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LAS VEGAS -- Public or private cloud storage? Technology business leaders who need to share data while also protecting business-critical information say they balance both depending on how applications are used.
During a panel at EMC World 2014, movie producer Jon Landau of Lightstorm Entertainment, Consulting4Drive Principal Partner Tim Kellerman and Apollo Education Group CIO Michael Sajor discussed how they use the cloud to complement on-premises storage.
Landau, who produced Avatar with James Cameron, said the movie required 180 TB of storage -- mostly on EMC Isilon NAS arrays. The team is working on sequels that are expected to require 2 PB of storage, he said. Landau said his company is happy to share video in a public cloud, and can turn that into revenue. But it is crucial to keep files for its works in progress private.
"We need to keep the wizard behind the curtain," Landau said. "If people see the first pass of what Avatar looks like and criticize that, we don't have the ability to adapt to that. We have to protect our [intellectual property]. Once the movie is out, that's when we can go to a public cloud and share that and give people access. If we create a video gaming experience that we want to be two-way -- where a person has influence on game play for somebody else -- that's a perfect opportunity for a public cloud."
Kellerman, of German-based automaker consulting firm Consult4Drive, said there is a use for private and public clouds in his business as well.
"All the automotive manufacturers understand that information is very privileged in order to build a business model on it," Kellerman said. "Right now, everybody's thinking about a private cloud for these purposes. All the manufacturers we work with are intimately trying to protect their information. The public part of an automotive cloud is the personal driver's profile and a fleet owner's profile."
Apollo Education Group, the parent company of the online University of Phoenix, builds its business on data that must be shared between students and instructors. At the same time, it stores students' private information.
"We'll be very careful about what goes public and what doesn't," Sajor said. "Student information will not be resident on a public cloud because that is sensitive and we take our students' privacy seriously. Other aspects are fine [for the public cloud]."
Sajor said his company built a new learning platform and tools on the public cloud and ramped to approximately 40,000 students before revising its strategy more toward a private cloud.
"We started to think carefully based on that experience," he said. "Is that the right place where reliability, stability and scalability are mandatory? We moved off that public cloud and we are now sitting with a VCE [Vblock] in our data center. We actually went the opposite way."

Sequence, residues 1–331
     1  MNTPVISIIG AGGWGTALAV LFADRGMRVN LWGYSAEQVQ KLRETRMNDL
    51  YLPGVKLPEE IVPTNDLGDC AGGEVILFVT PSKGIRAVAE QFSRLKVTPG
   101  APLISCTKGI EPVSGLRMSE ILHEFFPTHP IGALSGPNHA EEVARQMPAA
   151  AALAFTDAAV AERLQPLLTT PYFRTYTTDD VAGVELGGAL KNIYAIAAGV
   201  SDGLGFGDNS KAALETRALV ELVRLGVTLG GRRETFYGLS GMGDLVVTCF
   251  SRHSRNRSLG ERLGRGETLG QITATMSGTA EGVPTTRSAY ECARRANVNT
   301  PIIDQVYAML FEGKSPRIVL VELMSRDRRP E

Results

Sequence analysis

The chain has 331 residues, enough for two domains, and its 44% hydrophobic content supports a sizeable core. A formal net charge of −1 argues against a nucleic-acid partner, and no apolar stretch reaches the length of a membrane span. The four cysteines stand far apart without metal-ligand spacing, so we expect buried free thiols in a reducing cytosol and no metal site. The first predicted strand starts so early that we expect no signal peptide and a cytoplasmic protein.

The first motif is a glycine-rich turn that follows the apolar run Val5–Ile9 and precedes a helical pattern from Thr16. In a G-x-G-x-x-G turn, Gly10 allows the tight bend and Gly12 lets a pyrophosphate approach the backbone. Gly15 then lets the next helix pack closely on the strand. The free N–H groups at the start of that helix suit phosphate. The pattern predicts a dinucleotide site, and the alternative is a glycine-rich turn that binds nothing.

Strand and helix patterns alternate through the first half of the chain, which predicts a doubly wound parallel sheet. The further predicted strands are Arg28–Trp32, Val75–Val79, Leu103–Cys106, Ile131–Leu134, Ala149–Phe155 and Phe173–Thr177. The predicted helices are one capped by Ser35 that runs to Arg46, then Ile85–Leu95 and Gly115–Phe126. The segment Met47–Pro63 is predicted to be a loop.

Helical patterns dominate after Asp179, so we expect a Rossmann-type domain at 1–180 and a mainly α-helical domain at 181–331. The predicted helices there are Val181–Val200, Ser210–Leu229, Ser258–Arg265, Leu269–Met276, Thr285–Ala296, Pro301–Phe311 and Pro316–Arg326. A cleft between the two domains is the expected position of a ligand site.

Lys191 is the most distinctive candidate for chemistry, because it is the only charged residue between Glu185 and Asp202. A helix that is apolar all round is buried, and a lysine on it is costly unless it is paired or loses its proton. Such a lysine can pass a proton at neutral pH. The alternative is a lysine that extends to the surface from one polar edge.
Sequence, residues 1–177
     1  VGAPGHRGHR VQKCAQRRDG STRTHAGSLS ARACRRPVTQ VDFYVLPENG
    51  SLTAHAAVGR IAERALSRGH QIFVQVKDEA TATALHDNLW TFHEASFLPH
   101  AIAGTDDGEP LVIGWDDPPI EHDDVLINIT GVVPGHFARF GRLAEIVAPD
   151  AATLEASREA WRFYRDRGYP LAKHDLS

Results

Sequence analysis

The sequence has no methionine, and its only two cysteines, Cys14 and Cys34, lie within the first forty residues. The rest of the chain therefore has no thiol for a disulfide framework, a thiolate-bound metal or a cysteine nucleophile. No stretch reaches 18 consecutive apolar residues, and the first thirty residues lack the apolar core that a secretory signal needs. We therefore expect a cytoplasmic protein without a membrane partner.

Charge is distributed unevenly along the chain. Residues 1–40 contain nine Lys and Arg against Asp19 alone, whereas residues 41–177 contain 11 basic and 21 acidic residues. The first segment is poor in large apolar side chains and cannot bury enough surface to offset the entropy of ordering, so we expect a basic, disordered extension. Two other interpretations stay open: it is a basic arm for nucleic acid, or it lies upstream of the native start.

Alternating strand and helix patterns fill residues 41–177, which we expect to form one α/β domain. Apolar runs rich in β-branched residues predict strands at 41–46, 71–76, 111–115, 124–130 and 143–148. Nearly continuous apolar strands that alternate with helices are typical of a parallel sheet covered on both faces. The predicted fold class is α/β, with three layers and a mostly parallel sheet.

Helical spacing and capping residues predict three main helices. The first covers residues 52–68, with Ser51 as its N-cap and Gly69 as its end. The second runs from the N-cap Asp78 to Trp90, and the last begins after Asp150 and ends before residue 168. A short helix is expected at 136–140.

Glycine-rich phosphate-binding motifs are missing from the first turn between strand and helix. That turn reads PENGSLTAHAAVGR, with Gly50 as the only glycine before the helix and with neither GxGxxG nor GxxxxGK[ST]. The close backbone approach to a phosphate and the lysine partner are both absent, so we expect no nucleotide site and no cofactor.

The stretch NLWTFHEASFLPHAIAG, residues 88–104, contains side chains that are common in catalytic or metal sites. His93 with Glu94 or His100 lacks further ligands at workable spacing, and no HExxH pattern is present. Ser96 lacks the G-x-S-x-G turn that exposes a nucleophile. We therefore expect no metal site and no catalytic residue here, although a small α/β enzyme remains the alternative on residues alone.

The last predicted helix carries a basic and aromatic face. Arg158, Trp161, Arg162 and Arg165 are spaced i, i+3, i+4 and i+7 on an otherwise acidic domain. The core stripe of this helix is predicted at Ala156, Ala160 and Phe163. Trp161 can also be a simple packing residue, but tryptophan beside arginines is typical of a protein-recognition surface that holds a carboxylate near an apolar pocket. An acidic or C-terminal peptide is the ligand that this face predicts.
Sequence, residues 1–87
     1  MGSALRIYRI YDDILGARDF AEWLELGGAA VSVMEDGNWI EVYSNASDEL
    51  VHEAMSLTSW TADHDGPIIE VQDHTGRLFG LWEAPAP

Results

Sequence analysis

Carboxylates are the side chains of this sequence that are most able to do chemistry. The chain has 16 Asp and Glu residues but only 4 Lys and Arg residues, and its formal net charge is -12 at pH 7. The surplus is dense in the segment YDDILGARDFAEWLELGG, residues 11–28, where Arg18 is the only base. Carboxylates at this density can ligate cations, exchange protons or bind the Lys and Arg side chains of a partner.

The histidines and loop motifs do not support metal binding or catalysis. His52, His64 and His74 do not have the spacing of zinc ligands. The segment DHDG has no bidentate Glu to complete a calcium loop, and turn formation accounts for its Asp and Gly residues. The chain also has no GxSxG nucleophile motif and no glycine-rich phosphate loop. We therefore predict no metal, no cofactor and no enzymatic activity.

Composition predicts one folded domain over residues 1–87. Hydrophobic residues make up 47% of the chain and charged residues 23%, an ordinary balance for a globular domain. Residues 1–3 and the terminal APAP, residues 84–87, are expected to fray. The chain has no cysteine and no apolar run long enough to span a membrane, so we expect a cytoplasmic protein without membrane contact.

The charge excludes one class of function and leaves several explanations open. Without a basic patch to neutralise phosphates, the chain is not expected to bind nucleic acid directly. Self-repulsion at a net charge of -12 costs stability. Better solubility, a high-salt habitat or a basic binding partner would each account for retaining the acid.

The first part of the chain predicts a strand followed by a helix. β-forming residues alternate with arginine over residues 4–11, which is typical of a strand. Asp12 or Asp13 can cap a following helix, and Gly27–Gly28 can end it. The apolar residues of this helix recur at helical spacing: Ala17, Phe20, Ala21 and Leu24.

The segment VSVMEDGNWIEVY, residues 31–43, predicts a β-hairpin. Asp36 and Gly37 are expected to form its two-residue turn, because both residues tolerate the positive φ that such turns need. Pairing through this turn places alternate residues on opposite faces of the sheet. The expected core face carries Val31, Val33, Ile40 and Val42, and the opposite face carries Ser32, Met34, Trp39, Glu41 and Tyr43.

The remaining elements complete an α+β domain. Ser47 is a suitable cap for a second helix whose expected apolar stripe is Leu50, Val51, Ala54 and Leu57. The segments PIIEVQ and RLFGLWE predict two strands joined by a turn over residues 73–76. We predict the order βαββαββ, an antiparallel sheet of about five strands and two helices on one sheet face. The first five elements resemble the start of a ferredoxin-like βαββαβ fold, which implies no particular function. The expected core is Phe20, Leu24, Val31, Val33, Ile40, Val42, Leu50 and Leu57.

All three agreed that organizations need flexibility to move from public to private clouds or private to public clouds with ease.
"We start out being very conservative about what needs to be in the private cloud," Kellerman said. "As time moves on, we realize certain aspects no longer need to be private, and we would love the flexibility to change that around without changing the infrastructure or architecture."
Cloud ready for prime time, but ViPR still in the wings
While the panel obviously found the cloud ready for prime time, another set of EMC users said they consider software-defined storage still emerging. EMC launched ViPR 2.0 at the show, but not all EMC customers are ready for it.
Lotus F1 racing team CIO Michael Taylor said he is closely evaluating ViPR for his IT setup. Fellow panelists Friedrich Seifts, director of service systems for Major League Baseball (MLB), and Vodafone Head of Hosting Product Management Todd Stockwell said they are intrigued by the technology, but they don't need it yet.
"Historically, our virtualization focus has been on the server," Taylor said. "That's the easy bit. But if you stop there and don't virtualize other components like the network and storage, you really struggle to unlock the value of the software-defined data center."
"I think ViPR's exciting," said MLB's Seifts, who added that his Isilon systems fill his current storage needs. "I just don't know if ViPR would be essential or useful in our environment now."
Stockwell said Vodafone looks at "any emerging technology out there" and "ViPR is on the roadmap, but [it] is not a necessity for us at the moment."
Dave Raffo contributed to this story.